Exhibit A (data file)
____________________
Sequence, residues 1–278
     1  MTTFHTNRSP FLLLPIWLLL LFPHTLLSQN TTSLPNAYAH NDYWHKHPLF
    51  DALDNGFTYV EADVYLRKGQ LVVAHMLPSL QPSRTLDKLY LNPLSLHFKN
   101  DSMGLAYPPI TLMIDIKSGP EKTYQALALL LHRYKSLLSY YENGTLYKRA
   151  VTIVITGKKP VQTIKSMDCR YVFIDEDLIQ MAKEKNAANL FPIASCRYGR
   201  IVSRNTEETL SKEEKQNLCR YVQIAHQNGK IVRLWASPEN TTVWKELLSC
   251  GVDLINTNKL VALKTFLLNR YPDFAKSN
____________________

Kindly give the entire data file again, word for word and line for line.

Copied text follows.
Sequence, residues 1–278
     1  MTTFHTNRSP FLLLPIWLLL LFPHTLLSQN TTSLPNAYAH NDYWHKHPLF
    51  DALDNGFTYV EADVYLRKGQ LVVAHMLPSL QPSRTLDKLY LNPLSLHFKN
   101  DSMGLAYPPI TLMIDIKSGP EKTYQALALL LHRYKSLLSY YENGTLYKRA
   151  VTIVITGKKP VQTIKSMDCR YVFIDEDLIQ MAKEKNAANL FPIASCRYGR
   201  IVSRNTEETL SKEEKQNLCR YVQIAHQNGK IVRLWASPEN TTVWKELLSC
   251  GVDLINTNKL VALKTFLLNR YPDFAKSN